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What’s the EU going to do?

It’s telling that almost all the British public debate since Friday’s announcement of the result of the EU referendum has been about British politics: who’s succeeding David Cameron? What’s happening to Jeremy Corbyn? Or Scotland?

Almost nothing has been discussed about how this decision will play out with the rest of the European Union.

At one level, this reflects the speedy resignation of Cameron, which would appear to make him now head of a caretaker administration, able to claim that constitutionally he is unable to make any decisions beyond the mundane, including notifying the EU of the UK’s intention to withdraw and invoke Article 50 proceedings.

With the European Council seeming to accept that it has to receive a formal notification to start Article 50 – either a letter or a minuted statement at a summit – there does not appear to be any politically-viable means of forcing the UK to start that process without their express consent.

However, this does expose a basic tension for other EU leaders. On the one hand, they don’t want the UK to leave, for a wide variety of reasons. On the other, if the UK is going, they would like it to be dealt with as quickly as possible. With all the other problems that the EU is facing, a drawn-out Brexit process is most unwelcome.

With talk in London now of an October notification, to be made by a new Tory leader, the key imperative for the EU27 is to make the most of the time to plan, since they control Article 50 once it begins.

This planning will take in two basic elements: the how and the what of the process.

The how is simply a function of never having to have done this before. While the Greenland exit in 1985 offers the nearest model of proceedings, the EU has moved far beyond its then competences and there is no parallel framework of the Danish government involvement on non-exit matters. In short, this is a white page exercise.

Such procedural questions – who speaks for the EU27? How are positions coordinated? How are decisions reached? – overlap to some extent with the content aspect, the what.
In essence, there are two models the EU can work from.

The first starts from the UK as a member state and takes things away. Most obviously, that means voting rights and representation in institutions, but after that, the UK could be offered everything it has now.

The attraction of this is that the UK is obviously already compliant with EU requirements, as a current member state, so there’s no transition into compliance. A framework agreement could be put together quite easily, whereby the EU27 and the UK agree a process for the latter to notify the former of its intention to withdraw from a given area of policy, with the EU27 then indicating any knock-on effects (legal, financial, etc.) and some relatively simple approval process. If financing kept pace with such an arrangement, then that needn’t be an issue: more complex would be linking different legal elements together.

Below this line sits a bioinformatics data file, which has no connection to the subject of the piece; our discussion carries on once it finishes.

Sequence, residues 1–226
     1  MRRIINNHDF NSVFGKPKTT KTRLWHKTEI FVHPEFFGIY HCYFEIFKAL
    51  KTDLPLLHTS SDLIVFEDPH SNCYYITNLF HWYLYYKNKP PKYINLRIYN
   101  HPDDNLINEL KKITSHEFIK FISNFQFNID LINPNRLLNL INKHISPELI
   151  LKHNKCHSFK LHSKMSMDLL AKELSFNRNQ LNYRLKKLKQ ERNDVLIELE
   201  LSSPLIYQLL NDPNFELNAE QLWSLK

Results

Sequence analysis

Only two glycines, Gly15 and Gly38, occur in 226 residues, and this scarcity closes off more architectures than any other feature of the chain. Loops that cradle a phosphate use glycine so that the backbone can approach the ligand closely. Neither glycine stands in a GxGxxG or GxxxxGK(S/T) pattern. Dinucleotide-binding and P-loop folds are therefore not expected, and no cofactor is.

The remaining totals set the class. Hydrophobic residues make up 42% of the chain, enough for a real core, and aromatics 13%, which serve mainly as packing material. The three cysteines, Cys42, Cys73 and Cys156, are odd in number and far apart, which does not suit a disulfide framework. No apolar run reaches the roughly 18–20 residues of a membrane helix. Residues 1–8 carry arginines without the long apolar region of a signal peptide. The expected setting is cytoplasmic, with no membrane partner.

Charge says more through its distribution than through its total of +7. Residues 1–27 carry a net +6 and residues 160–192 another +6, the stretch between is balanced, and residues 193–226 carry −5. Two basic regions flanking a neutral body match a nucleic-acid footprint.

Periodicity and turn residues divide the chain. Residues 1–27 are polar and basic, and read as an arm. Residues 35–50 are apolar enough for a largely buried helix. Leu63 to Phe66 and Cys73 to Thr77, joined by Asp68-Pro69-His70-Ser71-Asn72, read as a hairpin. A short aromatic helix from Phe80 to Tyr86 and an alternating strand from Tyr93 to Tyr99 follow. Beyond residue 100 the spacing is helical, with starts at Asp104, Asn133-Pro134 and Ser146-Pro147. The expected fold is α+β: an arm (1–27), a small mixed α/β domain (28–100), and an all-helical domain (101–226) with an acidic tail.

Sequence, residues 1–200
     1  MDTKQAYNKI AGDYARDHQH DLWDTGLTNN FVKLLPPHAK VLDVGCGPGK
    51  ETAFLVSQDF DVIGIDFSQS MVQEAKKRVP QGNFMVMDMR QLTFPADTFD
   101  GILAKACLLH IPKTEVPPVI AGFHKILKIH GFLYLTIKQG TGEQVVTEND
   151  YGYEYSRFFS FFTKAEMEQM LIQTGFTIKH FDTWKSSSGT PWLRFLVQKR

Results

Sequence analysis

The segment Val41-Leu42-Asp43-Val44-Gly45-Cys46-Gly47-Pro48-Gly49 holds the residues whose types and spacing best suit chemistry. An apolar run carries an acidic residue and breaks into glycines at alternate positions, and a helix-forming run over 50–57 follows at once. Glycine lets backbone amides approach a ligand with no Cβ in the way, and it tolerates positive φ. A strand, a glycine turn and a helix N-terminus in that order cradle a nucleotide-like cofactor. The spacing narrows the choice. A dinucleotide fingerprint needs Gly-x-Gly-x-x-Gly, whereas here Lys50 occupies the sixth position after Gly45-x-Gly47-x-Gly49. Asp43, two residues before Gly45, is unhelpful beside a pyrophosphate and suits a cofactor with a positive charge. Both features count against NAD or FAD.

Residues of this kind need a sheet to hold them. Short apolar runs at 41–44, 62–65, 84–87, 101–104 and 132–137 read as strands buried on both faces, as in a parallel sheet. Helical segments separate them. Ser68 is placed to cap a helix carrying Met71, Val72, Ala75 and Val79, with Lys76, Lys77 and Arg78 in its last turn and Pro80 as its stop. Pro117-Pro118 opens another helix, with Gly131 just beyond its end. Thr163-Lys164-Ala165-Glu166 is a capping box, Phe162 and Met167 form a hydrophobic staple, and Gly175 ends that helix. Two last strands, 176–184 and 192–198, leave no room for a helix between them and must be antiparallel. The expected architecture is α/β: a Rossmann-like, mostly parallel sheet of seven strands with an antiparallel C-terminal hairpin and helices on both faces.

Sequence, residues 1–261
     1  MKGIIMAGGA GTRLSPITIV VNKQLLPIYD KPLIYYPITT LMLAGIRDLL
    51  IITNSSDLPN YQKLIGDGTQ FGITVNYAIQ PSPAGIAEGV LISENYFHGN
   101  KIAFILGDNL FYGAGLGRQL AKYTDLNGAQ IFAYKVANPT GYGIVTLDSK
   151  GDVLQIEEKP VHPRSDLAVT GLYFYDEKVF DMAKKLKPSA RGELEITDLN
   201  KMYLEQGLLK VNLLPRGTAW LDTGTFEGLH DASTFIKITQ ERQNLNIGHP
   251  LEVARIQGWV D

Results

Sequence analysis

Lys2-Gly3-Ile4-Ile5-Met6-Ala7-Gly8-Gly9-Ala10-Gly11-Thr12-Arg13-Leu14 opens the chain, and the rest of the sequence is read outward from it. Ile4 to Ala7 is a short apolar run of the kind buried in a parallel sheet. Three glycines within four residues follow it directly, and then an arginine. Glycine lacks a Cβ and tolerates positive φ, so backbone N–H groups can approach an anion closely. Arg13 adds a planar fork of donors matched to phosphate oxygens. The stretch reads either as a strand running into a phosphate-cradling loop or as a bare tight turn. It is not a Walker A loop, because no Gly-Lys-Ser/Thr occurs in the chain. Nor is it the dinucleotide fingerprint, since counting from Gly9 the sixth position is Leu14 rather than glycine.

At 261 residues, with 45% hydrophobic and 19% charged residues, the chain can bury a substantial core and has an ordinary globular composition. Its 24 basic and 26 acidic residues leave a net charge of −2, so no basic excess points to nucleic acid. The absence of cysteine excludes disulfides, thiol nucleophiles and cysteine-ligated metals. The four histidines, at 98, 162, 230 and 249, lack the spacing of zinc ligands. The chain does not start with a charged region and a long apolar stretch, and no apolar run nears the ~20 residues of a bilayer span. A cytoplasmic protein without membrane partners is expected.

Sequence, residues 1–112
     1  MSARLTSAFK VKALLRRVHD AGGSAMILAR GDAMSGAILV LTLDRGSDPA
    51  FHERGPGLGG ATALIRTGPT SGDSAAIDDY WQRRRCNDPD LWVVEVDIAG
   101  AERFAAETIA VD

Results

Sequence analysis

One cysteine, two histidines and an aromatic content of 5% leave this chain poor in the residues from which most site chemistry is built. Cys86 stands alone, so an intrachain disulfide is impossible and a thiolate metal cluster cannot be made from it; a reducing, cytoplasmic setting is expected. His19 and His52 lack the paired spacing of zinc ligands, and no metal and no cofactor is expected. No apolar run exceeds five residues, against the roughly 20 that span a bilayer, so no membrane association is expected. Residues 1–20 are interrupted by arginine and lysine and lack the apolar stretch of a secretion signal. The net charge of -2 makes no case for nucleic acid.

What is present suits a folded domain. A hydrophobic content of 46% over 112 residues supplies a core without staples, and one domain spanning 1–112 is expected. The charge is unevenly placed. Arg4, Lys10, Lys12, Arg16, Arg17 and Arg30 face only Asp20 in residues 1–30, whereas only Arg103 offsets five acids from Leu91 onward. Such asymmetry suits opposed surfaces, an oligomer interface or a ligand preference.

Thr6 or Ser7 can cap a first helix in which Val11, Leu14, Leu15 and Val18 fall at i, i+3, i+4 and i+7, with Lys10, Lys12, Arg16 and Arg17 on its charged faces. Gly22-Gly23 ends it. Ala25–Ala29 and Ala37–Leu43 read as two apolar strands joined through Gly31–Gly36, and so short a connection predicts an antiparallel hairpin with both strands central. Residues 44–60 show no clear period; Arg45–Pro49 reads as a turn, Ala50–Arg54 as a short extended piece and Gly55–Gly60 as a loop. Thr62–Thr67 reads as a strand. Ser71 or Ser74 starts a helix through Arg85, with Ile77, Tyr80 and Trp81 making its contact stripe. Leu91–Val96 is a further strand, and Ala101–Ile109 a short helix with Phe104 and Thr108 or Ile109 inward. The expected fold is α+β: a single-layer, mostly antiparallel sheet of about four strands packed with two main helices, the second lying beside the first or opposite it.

The big problem with this model is that is clearly clashes with the likely British intention to limit free movement of workers, which is a fundament of the internal market: would it make any sense to use this maximalist model without the core of the activity?

This leads then to the second model, which starts from a position of no relationship at all and adds elements in. This addresses the free movement issue more easily and also allows each member state to decide quite what it’ll bar to the UK.

This approach is also more future-proofed, as it rests on the structure that would apply if there was no agreement after two years, at which point the UK could leave, with no residual rights beyond those present elsewhere in other international agreements.

However, this minimalist strategy has the problem that it would increase the economic costs of Brexit to all involved, since more barriers would emerge. This would take much longer to negotiate and a framework arrangement of the kind outlined above would probably not be possible. Also, if the EU27 did hold out any hope of the UK rejoining in the future, this would make that harder.

Moreover, there are some challenges of the EU27, whatever approach is taken.

Firstly, member states have very different positions on Brexit and what price to impose. To take the most obvious example, Ireland has a very strong economic, political and security imperative to keep the UK very close. Countries that would gain from limiting British access to markets – those with financial centres or car manufacturing, for example – might be much less amenable.

Secondly, member states will be conducting this entire process with at least one eye very firmly on their domestic audiences. There is considerable pressure in countries such as France, the Netherlands and Denmark for similar votes to the British one, so these governments have no incentive to offer the UK a deal that looks even close to being ‘better’ than their current terms of membership. The politics run completely against the economics here.

Finally, the EU27 will have to think to the future on this process. Now that exit is established as possible, there is going to be the possibility that it happens again, not least for the reasons just mentioned. Thus governments might consider what might work in their favour, should their country’s time come. This will be particularly the case for Eurozone members, which face a degree of complexity that will make Brexit look like a walk in the proverbial park.

With meetings of the original founding members and of the EU27 permanent representatives over the weekend, and a European Council this week, expect heated debate across Europe, even as the UK continues to work out its own way forward.

 



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